My questions to the Health Minister last week about new procedures in deciding access to cancer treatment.
Here’s a link to the video, and there’s a transcript below.
Minister, the process of accessing new medicines and treatments continues to be difficult and inconsistent in Wales. In Scotland, a new medicines fund was created last year and they intend to use the money from the new rebate under the pharmaceutical price regulation scheme on new drugs and medicines. The Welsh Government, I expect, will receive £28 million from this rebate this year. Why haven’t you allocated the maximum of this rebate—that £28 million—to be used for new drugs and medicines in Wales, as in Scotland?
The Member is right to say that we will have £28 million as a result of the rebate and we will apply it in the Welsh NHS in a way that best meets the priorities that we face here in Wales. I have already made an announcement here on the floor of the Assembly that we will be using some of that money, for example, to strengthen the way in which the individual patient funding requests process will run in future and the way in which we will assess orphan and ultra-orphan drugs. But, we will make our own decisions about how we use the money and we will make it in a way that is right for Wales, rather than thinking that we always have to look to copy how someone else has decided to make their decisions.
But it is a small percentage of the funding that you’re allocating to improve access to new medicines. Time and again in Wales we hear of people who are refused new drugs because they don’t also meet the exceptionality criteria. The case of Irfon Williams and the Fighting Chance campaign has reminded us once again of the deficiency of the regime we have in place at the moment in Wales. Now, Scotland has abolished the exceptionality criteria, and a fortnight ago Northern Ireland announced that they too intended to change these criteria significantly. However, in Wales, we continue to use these unfair and ineffective criteria for decisions that are so important.
Well, I don’t accept the basic proposition in the question, Llywydd. The best evidence is that patients in Wales get faster access to drugs that are approved by the National Institute for Health and Care Excellence as being both clinically and financially effective. That’s the evidence and that’s what we use the resources we have here in Wales to support. As Elin Jones knows, we had a full review of our IPFR process here in Wales from an independent and expert group. We’re reforming it as a result to make it more effective, particularly in order to make sure that consistency of decision making across Wales is improved. I think that a system that approves more than half of the applications that are made to it cannot fairly be described—I don’t think that she did describe it in this way, but it is sometimes thought of—as a process designed to deny people the drugs for which they have made an application.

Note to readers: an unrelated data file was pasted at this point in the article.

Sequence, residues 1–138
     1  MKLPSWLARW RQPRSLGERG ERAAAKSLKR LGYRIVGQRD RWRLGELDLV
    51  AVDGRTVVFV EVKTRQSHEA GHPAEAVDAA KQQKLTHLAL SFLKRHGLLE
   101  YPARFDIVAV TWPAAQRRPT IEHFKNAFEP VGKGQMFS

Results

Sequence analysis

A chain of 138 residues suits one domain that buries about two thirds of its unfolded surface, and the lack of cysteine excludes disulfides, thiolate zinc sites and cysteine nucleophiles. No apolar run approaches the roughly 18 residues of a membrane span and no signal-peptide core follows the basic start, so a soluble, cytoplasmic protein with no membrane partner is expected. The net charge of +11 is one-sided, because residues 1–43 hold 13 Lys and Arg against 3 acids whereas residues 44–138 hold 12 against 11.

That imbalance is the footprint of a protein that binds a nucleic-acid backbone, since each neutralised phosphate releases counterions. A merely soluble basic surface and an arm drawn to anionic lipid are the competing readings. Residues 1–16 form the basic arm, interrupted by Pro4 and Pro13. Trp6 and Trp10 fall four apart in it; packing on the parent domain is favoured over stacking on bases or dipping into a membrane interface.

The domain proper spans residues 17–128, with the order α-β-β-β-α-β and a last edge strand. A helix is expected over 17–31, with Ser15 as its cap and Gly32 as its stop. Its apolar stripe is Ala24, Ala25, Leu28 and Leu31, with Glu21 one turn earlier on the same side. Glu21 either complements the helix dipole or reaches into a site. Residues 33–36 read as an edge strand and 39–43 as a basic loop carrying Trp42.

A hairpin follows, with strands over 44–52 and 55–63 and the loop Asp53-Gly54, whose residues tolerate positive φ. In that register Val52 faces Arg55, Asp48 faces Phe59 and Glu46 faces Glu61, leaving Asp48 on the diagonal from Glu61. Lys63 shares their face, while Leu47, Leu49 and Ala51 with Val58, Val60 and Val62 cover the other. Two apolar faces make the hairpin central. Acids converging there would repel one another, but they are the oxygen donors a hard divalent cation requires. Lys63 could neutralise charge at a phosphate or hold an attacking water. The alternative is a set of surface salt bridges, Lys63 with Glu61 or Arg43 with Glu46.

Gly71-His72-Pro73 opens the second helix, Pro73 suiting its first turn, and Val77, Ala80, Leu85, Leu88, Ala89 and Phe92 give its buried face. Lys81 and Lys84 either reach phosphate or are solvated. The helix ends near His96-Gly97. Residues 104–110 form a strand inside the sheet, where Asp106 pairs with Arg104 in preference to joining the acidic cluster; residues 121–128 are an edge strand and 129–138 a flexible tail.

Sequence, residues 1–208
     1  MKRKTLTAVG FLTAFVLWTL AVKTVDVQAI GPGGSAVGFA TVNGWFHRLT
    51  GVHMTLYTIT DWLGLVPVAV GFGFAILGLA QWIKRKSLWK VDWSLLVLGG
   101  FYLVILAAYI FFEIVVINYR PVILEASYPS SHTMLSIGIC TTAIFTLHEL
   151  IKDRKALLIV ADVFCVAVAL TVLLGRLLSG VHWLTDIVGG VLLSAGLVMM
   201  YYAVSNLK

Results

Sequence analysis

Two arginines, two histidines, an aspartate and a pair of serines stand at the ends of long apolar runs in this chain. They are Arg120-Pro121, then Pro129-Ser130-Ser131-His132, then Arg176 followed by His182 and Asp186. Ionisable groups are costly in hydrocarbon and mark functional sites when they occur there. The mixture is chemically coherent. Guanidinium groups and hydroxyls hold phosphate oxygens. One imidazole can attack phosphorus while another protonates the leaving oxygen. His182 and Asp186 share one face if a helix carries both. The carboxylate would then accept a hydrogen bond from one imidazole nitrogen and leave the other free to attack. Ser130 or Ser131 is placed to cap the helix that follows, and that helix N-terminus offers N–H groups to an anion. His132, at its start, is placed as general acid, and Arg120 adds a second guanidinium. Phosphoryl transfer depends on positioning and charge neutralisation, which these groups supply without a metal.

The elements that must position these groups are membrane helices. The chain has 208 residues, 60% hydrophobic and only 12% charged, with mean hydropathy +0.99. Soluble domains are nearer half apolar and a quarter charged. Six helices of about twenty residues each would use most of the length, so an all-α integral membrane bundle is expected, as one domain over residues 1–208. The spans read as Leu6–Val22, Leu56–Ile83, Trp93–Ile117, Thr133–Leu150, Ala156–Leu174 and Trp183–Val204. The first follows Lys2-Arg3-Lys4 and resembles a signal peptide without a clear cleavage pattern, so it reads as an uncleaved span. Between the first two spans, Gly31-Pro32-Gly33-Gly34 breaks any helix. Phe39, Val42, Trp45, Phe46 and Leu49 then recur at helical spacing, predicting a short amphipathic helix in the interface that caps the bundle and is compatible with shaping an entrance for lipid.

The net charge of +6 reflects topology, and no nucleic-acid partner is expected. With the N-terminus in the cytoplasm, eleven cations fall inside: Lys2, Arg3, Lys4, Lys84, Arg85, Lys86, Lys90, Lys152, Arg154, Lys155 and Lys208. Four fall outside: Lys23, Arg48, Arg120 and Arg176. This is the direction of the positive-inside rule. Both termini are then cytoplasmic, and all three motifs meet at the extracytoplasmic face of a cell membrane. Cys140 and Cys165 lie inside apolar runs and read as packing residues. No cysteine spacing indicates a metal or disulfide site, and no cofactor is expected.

Minister, despite your efforts to defend what you describe as changes to the process, we still see patients, as well as clinicians, telling us that the process is unfair and inconsistent. Just last week, we heard one Assembly Member telling of a constituent who had been refused a drug by one health board—Aneurin Bevan—had moved to Cardiff and had been given access to that drug under a different health board. As a minimum, Minister, in looking at changes, we need to create a regime in Wales that is consistent within Wales at least, rather than having seven different systems under the individual health boards. Will you now look at that, as a starting point to changing the system that we currently have?
Well, on that narrow point, Llywydd, I am very happy to agree with some of the things that Elin Jones has said. It is not acceptable to me that we have decisions being made in identical circumstances but made differently between one health board and another. That isn’t an acceptable position. But changes that are already announced as part of the review will drive better consistency in decision making. But on Monday of this week, I met with the director-general of the NHS in Wales and I have asked him to look again at the recommendations made by the expert group about the number of panels we should have in Wales, and explicitly to give me further advice on whether there are additional ways in which we can try and secure consistency of decision making in this area.